When my father realized I was serious, he signed the first loan I got—$17,000, to build our first factory. Ever since then, I've tried to do it all by myself. One thing about Peavey is that we owe the bank nothing. Over the years, I have borrowed tens of millions of dollars, but I've paid it all back. I go out on the factory floor and I see a resistor on the ground, I pick it up. That's a penny to me. You see a penny on the ground, you pick it up.
In the music business in the '60s and '70s, conglomerates came in and bought up everything. CBS bought Fender. Beatrice Foods bought JBL. Quality went to hell, and prices doubled. Musicians didn't know what hit them. While the conglomerates were going nuts raising prices, I kept my prices within reason. That has both helped me and hurt me. A lot of people assume that you can judge performance, quality, and reliability on price alone. That's an unwarranted assumption.
In the mid-'70s, we were having a lot of success. So much so that our competitors started using their guitars as leverage—basically telling dealerships that if they didn't sell their amplifiers and sound systems in the same number as Peavey, they wouldn't sell them their instruments.
I said, "Screw it; I'll just start building guitars." I'd been through guitar factories, and I knew there was a better way. As a gun collector, I was amazed at how precisely gun manufacturers can mass-produce the wooden stocks that fit on the barrel of a gun. I said, if a machine can make stocks like that, it could make guitars. We pioneered mechanization in the guitar business.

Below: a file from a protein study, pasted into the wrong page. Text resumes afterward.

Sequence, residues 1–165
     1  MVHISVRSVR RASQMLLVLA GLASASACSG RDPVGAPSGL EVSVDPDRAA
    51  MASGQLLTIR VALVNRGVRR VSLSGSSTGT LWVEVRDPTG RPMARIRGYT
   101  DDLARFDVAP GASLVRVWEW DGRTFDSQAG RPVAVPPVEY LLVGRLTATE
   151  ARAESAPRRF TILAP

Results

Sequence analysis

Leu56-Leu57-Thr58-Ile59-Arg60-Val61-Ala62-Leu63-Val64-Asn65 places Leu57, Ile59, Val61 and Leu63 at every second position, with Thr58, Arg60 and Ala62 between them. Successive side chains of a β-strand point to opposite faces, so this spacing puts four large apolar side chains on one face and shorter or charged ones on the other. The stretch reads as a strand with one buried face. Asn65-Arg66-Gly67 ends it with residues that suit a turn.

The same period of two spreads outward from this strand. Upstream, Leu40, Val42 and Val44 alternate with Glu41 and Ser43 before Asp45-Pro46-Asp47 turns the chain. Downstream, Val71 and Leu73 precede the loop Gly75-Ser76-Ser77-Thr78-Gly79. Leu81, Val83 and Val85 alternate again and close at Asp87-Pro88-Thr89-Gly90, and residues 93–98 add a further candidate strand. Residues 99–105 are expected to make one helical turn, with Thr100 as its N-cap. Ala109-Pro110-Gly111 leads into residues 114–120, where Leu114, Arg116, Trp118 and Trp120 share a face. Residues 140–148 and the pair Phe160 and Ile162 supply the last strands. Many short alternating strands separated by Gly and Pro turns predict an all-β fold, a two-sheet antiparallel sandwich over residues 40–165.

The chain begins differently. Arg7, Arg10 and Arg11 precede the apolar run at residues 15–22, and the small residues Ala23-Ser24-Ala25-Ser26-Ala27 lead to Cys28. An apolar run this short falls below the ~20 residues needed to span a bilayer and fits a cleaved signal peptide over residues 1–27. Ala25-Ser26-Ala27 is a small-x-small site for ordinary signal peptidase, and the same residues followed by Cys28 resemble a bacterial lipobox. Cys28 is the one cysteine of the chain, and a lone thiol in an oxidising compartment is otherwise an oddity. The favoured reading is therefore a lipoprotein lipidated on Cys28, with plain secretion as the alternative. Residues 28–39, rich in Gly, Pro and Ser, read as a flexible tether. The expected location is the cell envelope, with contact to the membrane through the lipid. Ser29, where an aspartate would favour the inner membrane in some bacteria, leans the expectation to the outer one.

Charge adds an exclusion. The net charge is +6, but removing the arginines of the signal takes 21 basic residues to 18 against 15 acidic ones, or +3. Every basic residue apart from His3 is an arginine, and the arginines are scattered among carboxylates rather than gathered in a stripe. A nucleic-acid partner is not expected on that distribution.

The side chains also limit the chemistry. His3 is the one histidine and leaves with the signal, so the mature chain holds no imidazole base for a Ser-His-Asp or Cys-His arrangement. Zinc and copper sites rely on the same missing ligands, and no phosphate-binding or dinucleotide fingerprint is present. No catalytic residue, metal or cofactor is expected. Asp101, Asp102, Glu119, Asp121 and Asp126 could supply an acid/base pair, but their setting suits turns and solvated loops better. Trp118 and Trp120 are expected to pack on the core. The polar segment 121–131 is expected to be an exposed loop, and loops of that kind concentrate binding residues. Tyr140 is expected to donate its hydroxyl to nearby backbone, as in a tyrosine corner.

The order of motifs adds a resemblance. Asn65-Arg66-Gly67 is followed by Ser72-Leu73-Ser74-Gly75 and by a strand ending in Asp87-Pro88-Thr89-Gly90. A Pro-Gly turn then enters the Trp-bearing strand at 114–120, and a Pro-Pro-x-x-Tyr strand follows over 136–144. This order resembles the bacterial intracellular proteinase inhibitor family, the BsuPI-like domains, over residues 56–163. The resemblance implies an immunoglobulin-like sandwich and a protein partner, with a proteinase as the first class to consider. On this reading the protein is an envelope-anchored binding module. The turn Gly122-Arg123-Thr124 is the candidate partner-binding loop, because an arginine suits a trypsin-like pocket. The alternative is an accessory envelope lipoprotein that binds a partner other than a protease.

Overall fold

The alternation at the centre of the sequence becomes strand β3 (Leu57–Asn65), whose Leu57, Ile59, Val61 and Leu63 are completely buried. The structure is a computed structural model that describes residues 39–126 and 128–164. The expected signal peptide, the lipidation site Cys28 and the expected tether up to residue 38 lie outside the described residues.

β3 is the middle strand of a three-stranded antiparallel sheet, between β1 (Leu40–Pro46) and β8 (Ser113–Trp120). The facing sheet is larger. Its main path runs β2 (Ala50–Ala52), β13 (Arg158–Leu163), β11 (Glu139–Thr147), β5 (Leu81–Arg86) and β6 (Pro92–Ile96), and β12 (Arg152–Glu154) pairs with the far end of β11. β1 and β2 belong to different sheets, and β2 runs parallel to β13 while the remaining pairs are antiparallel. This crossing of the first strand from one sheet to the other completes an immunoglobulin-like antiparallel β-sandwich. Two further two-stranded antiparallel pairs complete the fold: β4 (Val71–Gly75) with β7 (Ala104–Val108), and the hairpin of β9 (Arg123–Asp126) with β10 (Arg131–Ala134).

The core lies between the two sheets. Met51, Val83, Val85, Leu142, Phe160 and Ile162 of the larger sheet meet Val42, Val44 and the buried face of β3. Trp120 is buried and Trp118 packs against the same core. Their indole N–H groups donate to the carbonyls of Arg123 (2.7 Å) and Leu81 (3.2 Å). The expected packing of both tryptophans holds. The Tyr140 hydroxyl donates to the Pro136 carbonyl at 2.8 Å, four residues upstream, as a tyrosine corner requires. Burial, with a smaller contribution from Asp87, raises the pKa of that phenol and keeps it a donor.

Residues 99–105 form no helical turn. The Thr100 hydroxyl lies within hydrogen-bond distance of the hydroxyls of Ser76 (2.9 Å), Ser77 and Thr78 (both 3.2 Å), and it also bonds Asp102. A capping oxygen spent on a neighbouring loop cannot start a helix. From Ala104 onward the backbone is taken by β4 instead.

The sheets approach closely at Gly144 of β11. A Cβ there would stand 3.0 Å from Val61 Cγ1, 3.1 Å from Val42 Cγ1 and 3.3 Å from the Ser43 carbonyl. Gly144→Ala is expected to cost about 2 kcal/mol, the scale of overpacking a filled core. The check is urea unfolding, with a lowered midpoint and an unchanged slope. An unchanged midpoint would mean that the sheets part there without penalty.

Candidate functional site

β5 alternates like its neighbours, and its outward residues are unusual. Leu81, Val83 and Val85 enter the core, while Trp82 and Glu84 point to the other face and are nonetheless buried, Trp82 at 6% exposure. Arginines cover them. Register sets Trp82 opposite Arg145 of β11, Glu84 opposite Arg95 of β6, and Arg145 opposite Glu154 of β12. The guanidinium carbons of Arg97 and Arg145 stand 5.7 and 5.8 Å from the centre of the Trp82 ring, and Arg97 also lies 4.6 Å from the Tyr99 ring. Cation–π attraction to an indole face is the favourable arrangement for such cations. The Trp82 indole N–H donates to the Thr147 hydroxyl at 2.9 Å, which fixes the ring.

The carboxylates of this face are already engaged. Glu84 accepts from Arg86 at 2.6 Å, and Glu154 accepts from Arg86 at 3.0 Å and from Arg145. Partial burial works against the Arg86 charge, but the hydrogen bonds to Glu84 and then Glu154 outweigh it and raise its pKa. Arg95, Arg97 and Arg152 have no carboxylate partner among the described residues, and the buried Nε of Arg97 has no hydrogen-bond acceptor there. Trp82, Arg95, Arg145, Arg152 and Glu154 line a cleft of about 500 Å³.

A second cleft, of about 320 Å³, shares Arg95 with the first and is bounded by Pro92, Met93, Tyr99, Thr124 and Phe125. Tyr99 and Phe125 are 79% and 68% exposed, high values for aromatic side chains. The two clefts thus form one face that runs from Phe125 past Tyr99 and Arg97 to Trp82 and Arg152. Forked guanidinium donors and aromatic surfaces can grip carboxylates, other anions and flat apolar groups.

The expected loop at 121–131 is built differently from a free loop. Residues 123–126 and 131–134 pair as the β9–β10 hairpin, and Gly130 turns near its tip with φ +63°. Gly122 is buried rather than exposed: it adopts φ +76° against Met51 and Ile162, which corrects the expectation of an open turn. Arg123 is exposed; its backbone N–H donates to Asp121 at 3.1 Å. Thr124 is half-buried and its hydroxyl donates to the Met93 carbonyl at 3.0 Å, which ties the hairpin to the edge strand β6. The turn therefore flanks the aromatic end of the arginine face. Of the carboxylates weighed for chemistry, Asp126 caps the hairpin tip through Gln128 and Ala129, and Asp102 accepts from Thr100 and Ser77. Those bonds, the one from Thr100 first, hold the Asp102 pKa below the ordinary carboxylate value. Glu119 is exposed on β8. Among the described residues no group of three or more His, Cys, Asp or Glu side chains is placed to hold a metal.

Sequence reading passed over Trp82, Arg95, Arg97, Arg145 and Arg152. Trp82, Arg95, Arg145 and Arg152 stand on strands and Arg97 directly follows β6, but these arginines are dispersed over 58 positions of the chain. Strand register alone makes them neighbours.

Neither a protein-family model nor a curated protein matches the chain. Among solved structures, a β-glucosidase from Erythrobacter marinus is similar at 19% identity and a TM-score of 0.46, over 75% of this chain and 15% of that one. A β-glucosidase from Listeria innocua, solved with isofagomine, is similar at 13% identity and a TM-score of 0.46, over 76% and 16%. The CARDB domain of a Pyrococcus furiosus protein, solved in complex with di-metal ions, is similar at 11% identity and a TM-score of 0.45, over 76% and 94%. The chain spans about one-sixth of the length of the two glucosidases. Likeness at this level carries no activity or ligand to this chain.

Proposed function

We also started making loudspeakers. That was a tough time for us, because I bit off more than I could chew. We came very close to crashing and burning.
We introduced our first digitally controlled sound system, called MediaMatrix, in 1993. We had to go all over the country convincing people that computers were reliable enough to control their sound systems. Today, it's in use just about everywhere—the U.S. Capitol building, the parliament house in China, and in airports and stadiums all over the world.
The sound business has gone through an incredible revolution. People have surround sound in their cars, in their homes. Their level of expectation is rising. I keep pushing the state of the art. Four years ago, we bought a software company. Musicians are always looking for their signature tone. With this software, anyone can tweak a digital amplifier to match the sound they are looking for.
I've had the good fortune to be able to watch my competitors make mistakes, and I've tried as much as possible to avoid those mistakes. That's not to say I haven't made plenty of my own.
Here in this small town, there aren't a whole lot of opportunities to be had. Over the past 46 years, we've had roughly 14,000 people float through Peavey. We've got a manufacturing facility that spans a quarter of a mile and a dozen more support facilities in Mississippi and Europe that handle distribution to 136 countries.
There are some things that I would change, but not many. Would I have given it all up to become a rock star? Absolutely.
For a full archive of How I Did It features, visit www.inc.com/hidi.
More from Inc.com: